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Monday, 13 May 1985
Page: 1818


Senator PARER(5.00) —I am indebted to Senator Jones for his general support of the need for an effective program for business deregulation. Senator Maguire indicated in his address that the Liberal Party of Australia tended to oversell deregulation. Frankly, I believe that there is very close correlation between regulation and the size of government. In fact, Dr Helen Hughes of the Australian National University, in referring to the growing band of public sector employees said that she did not mind paying them if she was sure they would not do anything. Unfortunately, public sector employees continue to contribute to the 10 new regulations a day introduced within Australia in the various levels of government.

If ever an industry, and thus the country as a whole, has suffered at the hands of regulatory government it is the mining industry. In an era of deregulated financial systems and a floating dollar demand for our chief exporting industries to become more competitive has become urgent. This demand occurs in the context of increasing pressures on wages, interest rates and inflation, gross uncertainty in the area of Aboriginal land rights and a continuing poor trading performance with a rapidly increasing current account deficit.

Let me give the Senate recent figures on the contribution of the mining industry to Australia's prosperity and some of the costs incurred by that industry. In 1983-84 Australia's mineral industry earned in excess of $9 billion in export income-some 40 per cent of the nation's total export earnings. Net profit, however was a mere $461m. With continuing poor returns, investment declined last year by over $1 billion and is expected to continue to fall by over 10 per cent this year. Exploration has declined some 40 per cent since 1981, even without accounting for inflation.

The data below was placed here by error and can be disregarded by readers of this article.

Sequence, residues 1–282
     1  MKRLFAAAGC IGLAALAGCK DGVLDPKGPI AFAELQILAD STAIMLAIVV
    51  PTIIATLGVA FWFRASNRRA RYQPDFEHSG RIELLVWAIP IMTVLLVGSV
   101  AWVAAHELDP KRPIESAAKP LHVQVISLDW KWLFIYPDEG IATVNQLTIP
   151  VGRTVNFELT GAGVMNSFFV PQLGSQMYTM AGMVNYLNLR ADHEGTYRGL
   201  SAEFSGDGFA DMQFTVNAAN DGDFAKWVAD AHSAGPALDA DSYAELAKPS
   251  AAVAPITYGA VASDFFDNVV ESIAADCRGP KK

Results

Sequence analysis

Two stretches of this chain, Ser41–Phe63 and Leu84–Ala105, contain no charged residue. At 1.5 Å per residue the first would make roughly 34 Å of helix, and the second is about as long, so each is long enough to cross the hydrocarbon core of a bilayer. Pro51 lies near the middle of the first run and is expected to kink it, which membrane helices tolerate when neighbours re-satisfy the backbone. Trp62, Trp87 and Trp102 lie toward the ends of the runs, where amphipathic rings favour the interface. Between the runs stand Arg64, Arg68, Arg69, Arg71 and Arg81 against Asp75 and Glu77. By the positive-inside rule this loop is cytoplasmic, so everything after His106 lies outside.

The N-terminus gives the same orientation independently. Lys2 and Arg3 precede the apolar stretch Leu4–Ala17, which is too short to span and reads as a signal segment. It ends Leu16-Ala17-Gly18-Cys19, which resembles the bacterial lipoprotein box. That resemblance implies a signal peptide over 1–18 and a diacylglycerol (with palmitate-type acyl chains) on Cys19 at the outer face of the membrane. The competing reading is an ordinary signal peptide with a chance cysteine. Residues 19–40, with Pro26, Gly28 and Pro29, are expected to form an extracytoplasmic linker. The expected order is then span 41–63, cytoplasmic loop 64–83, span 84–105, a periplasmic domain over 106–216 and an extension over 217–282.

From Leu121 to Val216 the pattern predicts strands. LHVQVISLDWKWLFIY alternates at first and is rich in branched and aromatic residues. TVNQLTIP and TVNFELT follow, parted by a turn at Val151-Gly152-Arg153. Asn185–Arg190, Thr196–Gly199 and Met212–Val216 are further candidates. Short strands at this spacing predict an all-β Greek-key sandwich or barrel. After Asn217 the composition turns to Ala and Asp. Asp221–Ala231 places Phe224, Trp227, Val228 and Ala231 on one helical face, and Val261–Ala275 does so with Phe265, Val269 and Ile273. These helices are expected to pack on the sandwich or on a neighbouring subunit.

Government taxes and charges and regulations are milking the industry dry. In 1983-84 the industry paid more than $2.4 billion to governments or 64 per cent of pre-tax operating profits. Costs are increasing. In 1983-84 rail freight charges, port charges and other costs increased by 15 per cent as a proportion of total costs on the previous year. On top of this the industry spent almost $3.3 billion on industry investment and infrastructure, including $1.1 billion on housing, community facilities, hospitals, schools, community roads and town power and water supply.

However, perhaps even more important to the industry than the visible costs are the hidden costs of government intervention and regulation which constitute a regime of delayed extortion and uncertainty. The bias towards more and more regulation is crippling our most efficient and productive export earners. There is a need for some regulation in industry. Equally clearly, there is now too much regulation. Regulation is costly and complex. It affects almost all areas of mining whether, for example, as a result of environmental impact statements, both State and Federal, or anything else. Regulation leads to lost export opportunities, higher taxes and charges, artificial prices, less investment and, needless to say, higher unemployment. Its cost to entrepreneurial skill and efficiency is a cost this country cannot afford.

My colleague Senator Short has referred already to the efforts of the Western Mining Corporation at Kambalda in bringing on a mine 18 months from the first drill hole. The same story can be told of the Bowen Basin, where mines were brought on from the years 1966 to 1974 at the rate of one every two years. One has to ask how those companies did that without the help of government? It must boggle the minds of a lot of people who work in this sector today. Today, for example, we have the Joint Coal Board telling people how they should mine, whether they should mine underground or open cut. However, the worst phase in the mining industry's history-I draw this to the attention of the Senator-occurred during the Whitlam era. Some projects stopped by Labor through the improper use of export controls have remained undeveloped. Others, with the change in government, were able to proceed. In an effort to develop a mine I can recall making a futile plea in 1975-in those black years-for someone to tell me who controlled an area in which a company had a lease. I asked whether it was the landowner, local government, the State Government or the Federal Government? It clearly was not the company.

Senator Short referred to Kambalda, which I will refer to again. The companies involved at Roxby Downs are now dealing with 54 different departments and instrumentalities-34 South Australian and 20 Commonwealth. These companies consider they are fortunate as they have good uranium rather than bad uranium. I do not know how that definition comes about but the orders from the Government state that there is good uranium at Roxby Downs but bad uranium throughout the rest of Australia. I come now to the export control system, which has been in force since 1972.


The DEPUTY PRESIDENT —Order! The time allotted under sessional order for consideration of this matter has now expired.